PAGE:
High school curlers off to provincials

Kimberley curlers set to ride their success into Kamloops this weekend.

Alysha Buchy watches from the back as Kira Dereniwsky and Haylie Farquhar sweep

Alysha Buchy watches from the back as Kira Dereniwsky and Haylie Farquhar sweep

Growing up together in the curling rinks meant it was only a matter of time before Alysha Buchy, Haylie Farquhar and Julia and Kira Dereniwsky started throwing rocks together as a team.

The four Kimberley girls have teamed up and managed to curl their way through two mini-tournaments to earn the right to represent Selkirk Secondary and the Kootenay region at the B.C. high school curling championships this weekend in Kamloops.

Buchy skips the team, while Julia and Kira are the third and second, respectively, with Farquhar as lead.

Alysha Buchy is the 14-year-old daughter of Kimberley curler Tom Buchy, who has been active in the curling community in Kimberley for years and made appearances at the provincial and national levels of the game.

The elder Buchy, who is still active in competitive curling, plays the role of supporting dad, and also draws on his extensive experience to coach the four in their high school curling endeavours.

“[It’s] interesting and neat, because he’s been to nationals and I know when he comes out and says ‘You should play this shot or you should think about playing this’,” said Alysha, on what it’s like to have her dad as a coach. “I know he knows what he’s talking about, so it makes it easier.”

“Sometimes it’s hard because he is my dad and not just a coach.”

Alysha said watching her dad has shown her how to be a part of a team dynamic while learning the strategy behind curling.

She’s even begun to clean her rocks the same way as her father.

“We have the same mannerisms, I guess,” Alysha laughed.

Tom Buchy said it’s a different feeling being on the other side, where he’s not in control and can’t affect the outcome of a game that the girls are playing.

But he’s enjoyed watching Alysha and her friends grow up and develop their curling skills.

“It’s pretty special, because she’s had an interest in the game since she was quite young and we’d watch stuff on TV together and she’d ask a lot of questions, you know, why they play this or that,” said Tom Buchy.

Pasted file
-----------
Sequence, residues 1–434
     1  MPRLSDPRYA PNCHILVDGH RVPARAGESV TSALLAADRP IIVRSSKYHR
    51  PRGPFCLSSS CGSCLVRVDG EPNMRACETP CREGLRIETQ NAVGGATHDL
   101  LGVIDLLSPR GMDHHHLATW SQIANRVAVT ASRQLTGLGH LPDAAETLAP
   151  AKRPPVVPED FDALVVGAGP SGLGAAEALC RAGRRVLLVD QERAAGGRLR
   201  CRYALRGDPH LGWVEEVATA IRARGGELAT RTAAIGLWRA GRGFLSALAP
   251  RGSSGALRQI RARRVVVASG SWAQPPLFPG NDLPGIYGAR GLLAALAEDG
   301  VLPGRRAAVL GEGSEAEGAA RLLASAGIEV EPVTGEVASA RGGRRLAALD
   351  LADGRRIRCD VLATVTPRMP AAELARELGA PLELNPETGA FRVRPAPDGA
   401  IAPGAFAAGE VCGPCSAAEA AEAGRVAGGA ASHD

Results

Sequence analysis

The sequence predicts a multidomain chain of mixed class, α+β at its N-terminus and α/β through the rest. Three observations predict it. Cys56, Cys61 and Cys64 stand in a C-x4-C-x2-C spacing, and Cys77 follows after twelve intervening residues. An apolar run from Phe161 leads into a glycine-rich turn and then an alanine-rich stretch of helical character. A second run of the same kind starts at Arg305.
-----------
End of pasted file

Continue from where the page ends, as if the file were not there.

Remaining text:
“So to see her out there and making decisions on her own, it’s definitely special, but it’s also pretty cool seeing how these girls have developed and become a team and seeing how well they work together.”

The team has been curling together for roughly a year and decided that curling in the high school category would be a good start to see how tough the local competition was.

“We all just thought high school is a little less intense, so lets just go for that, so we gave it a try and have had some fun doing it,” said Kira Dereniwsky.

Like Alysha Buchy and Haylie Farquhar, the Dereniwsky sisters grew up in the Kimberley Curling Club, as their parents are curlers themselves.

Kira is in Grade 9, while Julia is in Grade 11. In addition to curling, Kira plays volleyball and basketball, while Julia golfs, even representing the region in the 2012 B.C. Summer Games.

The East Kootenay qualifier in Creston was the first step on the road to provincials.

“It’s was a chance to go and see what we worked on, if that’s going to do anything and see how it goes and we’ll be fine,” added Julia. “It turned out that we played really well that weekend and we won.”

They ended up defeating high school teams from Creston and Sparwood for the right to represent the East Kootenay, and then took down Nelson in a couple of games to earn the Kootenay region’s entry into the provincial tournament.

Farquhar, a Grade 8 student, said the team was pretty excited after winning their games in Nelson and everyone is confident going forward to Kamloops.

“I haven’t had any of the jitters yet because I know some teams there probably have been to provincials, and probably have been practicing as a high school group since Grade 8,” Farquhar said.”

“But the teams we faced in Creston were Grade 11 and 12 and we seemed to keep our heads up and stayed focused and just concentrated on each shot and tried to get something out of each shot.”

“We ended up doing good.”

Tom Buchy is quick to credit the girls for the way they’ve improved together as a team and hopes that they enjoy their experience in Kamloops, regardless of how they finish.

“Where they were three months ago, compared to where they are now, is amazing. Every time we come out for a practice or a game, they seem to advance a little more, and they’re still very young,” Buchy said.

“The rallying behind them from the club itself has created a lot of excitement from the club and people are just happy to see a junior team doing well.